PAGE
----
Kentucky’s public colleges and universities face massive pension payment increases come fiscal year 2019 as the state struggles to address its pension crisis, according to a new state memo obtained by the Daily Independent.
In the Tri-State region, Morehead State University faces an approximate $3.2 million increase in its pension obligations for the Kentucky Employees Retirement System (KERS). The figure represents an approximate 70 percent jump in the amount of money the university will have to pay for the KERS contributions. The memo from state budget Director John Chilton indicates the university is expected to pay $4.68 million in fiscal year 2018, then almost 8 million in fiscal year 2019.
Dr. Jay Morgan, president of Morehead State, said the numbers apply to staff covered by KERS and the university is also preparing for a spike of an additional couple of hundred thousand dollars in pension payment increases for faculty contributions.
“We think our new pension numbers will increase by 3.7 or 3.8 million,” Morgan said.
The increases require extreme efficiency on expenses but Morgan said the university will be able to handle the increases.
“We are looking closely at a lot of our expenses,” Morgan said. “Four million (more) will not cripple us but we will have to pay very special attention to new hires.”
Morgan added “we will be okay in the long run. We won’t like it but we will be okay.”
The proposed increases for the Kentucky Community and Technical College System are even more staggering. The memo from Chilton said KCTCS faces a nearly $8 million increase in pension contributions for a single year. KCTCS is expected to pay $11.5 million in pension contributions in 2018, and that number is expected to skyrocket to $19.5 million in fiscal year 2019, representing a 70 percent increase for one year.
KCTCS President Jay Box??? said the pension increases are coming in the face of proposed significant cuts to all of education.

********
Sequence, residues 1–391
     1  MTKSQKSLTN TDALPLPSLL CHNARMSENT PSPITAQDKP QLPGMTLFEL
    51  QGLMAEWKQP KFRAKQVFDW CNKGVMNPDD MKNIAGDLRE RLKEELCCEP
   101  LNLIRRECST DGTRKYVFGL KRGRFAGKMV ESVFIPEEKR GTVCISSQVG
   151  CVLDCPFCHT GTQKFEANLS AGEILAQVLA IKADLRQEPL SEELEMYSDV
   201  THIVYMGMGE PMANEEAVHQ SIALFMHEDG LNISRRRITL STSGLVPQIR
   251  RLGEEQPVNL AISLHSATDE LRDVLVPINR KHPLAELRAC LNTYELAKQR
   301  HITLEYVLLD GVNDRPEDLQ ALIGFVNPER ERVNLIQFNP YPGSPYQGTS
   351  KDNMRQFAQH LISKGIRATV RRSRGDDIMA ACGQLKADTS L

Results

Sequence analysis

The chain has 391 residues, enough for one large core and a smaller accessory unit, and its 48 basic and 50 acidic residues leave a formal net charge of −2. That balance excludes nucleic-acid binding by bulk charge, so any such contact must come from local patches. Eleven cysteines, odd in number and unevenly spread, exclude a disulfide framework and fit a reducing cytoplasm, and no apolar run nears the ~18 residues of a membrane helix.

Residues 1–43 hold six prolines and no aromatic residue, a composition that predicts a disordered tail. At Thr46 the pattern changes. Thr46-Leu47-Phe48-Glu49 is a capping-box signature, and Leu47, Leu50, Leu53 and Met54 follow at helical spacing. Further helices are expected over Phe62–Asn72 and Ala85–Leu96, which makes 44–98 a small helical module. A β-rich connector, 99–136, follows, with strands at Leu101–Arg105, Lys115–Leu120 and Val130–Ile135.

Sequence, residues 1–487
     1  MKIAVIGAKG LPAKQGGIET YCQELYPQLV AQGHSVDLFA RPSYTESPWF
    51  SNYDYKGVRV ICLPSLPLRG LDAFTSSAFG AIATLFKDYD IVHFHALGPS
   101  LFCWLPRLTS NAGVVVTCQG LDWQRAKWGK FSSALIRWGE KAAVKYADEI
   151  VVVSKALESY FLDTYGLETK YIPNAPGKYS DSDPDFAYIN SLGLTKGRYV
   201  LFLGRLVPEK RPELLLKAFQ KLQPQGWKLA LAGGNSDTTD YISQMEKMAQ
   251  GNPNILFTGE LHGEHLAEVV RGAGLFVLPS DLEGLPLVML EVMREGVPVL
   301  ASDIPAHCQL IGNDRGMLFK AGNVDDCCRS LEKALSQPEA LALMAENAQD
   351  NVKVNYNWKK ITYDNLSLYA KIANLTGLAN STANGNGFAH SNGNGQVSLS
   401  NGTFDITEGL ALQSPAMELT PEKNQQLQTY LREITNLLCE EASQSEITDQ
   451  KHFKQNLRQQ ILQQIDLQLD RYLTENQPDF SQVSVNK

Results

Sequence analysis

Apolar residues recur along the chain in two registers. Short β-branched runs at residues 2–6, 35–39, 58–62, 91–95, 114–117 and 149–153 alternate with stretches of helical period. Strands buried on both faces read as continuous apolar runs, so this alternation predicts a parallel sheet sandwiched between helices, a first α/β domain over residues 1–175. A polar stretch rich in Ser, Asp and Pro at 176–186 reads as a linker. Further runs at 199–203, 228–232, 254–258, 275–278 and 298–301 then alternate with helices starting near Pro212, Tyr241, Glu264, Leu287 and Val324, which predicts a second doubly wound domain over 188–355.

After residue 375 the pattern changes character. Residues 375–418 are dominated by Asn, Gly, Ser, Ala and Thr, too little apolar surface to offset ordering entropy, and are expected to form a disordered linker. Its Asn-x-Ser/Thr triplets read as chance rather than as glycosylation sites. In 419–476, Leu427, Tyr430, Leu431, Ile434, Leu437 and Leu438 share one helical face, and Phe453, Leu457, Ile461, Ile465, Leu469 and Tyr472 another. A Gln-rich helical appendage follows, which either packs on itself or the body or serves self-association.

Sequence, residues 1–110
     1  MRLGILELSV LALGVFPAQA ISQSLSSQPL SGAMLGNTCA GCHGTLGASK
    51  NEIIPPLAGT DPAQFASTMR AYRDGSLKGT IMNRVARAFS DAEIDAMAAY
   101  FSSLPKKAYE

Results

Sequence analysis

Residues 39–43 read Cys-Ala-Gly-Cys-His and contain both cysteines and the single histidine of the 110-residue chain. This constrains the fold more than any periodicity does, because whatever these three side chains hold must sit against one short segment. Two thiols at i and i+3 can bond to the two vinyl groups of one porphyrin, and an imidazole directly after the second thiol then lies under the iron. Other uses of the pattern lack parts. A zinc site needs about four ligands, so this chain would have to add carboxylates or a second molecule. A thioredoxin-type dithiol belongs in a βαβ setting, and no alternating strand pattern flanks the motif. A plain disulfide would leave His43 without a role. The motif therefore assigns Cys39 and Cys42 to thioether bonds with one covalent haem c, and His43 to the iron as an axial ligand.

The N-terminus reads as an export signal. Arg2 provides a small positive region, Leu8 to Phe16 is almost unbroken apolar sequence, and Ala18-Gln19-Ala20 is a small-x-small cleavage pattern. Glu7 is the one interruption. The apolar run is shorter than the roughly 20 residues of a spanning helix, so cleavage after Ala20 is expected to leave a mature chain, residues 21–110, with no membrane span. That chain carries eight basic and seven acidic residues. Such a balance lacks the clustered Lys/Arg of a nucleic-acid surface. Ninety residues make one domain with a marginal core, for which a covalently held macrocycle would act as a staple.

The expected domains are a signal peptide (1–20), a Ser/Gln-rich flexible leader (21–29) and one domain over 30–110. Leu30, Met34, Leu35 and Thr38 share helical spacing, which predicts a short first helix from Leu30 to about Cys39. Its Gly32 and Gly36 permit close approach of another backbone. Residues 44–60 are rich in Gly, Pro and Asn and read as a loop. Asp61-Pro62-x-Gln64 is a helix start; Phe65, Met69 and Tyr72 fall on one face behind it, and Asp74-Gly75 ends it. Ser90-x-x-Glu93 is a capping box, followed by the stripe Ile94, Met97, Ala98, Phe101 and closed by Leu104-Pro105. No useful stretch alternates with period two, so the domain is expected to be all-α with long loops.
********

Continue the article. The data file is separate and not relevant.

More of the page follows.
“We’ve had 10 budget cuts in the last eight years,” Box said. “Our board of regents has mandated reserves for that very purpose because we are concerned there will be budget cuts at any time.”
Box said the pension costs are a significant concern.
“What I make of it is the governor and general assembly need to resolve the pension crisis. They need to address it and they need to do it soon,” Box said.
“For every dollar we are paying in salary we are paying another 50 cents in benefits,” he said. “If they go to 84 cents on a dollar next year and you include in there the increase we will see in insurance costs, and other required benefits, we are almost a dollar for dollar. So every dollar we pay in salary we will pay a dollar in benefits.”
Box said the proposed increases in pension costs are shocking.
“On one side they are talking about potential cuts of 17.5 percent in the next fiscal year for everybody including higher education and k through 12,” he said. “So that’s 17.5 percent less money and on top of that we are going to have a pension increase that is going to result in another 8.2 million. We also have fixed cross increases we can’t control, utility costs, insurance costs, That is about another 8 million give or take. That 16 million in new costs without doing anything and then 17.5 percent cuts. Our operating from the state is about 182 million. It is a double whammy.”
Similarly huge increases are expected at Murray State, Northern Kentucky, Western Kentucky and Eastern Kentucky.
State legislators locally said they want to keep the promises made to those who have been in the system.
“I hope this kind of information doesn’t isolate the state employees and those people who were promised and paid into the system,” said state Sen. Robin Webb, adding she doesn’t support a special session unless there is a general consensus on a solution.
“I think there are solutions we are going to be talking about and discussing,” Webb said. “I hate to see the tax reform question discounted and set aside at this point as far as trying to identify a revenue funding stream.”
Rep. Kevin Sinnette said “I believe a promise made is a promise kept.”
Sinnette also believes that switching to some kind of 401-K system could negatively impact hiring and retention in the public sector.
“We need to take care of this unfunded liability and we also need to step back and look to the future,” he said.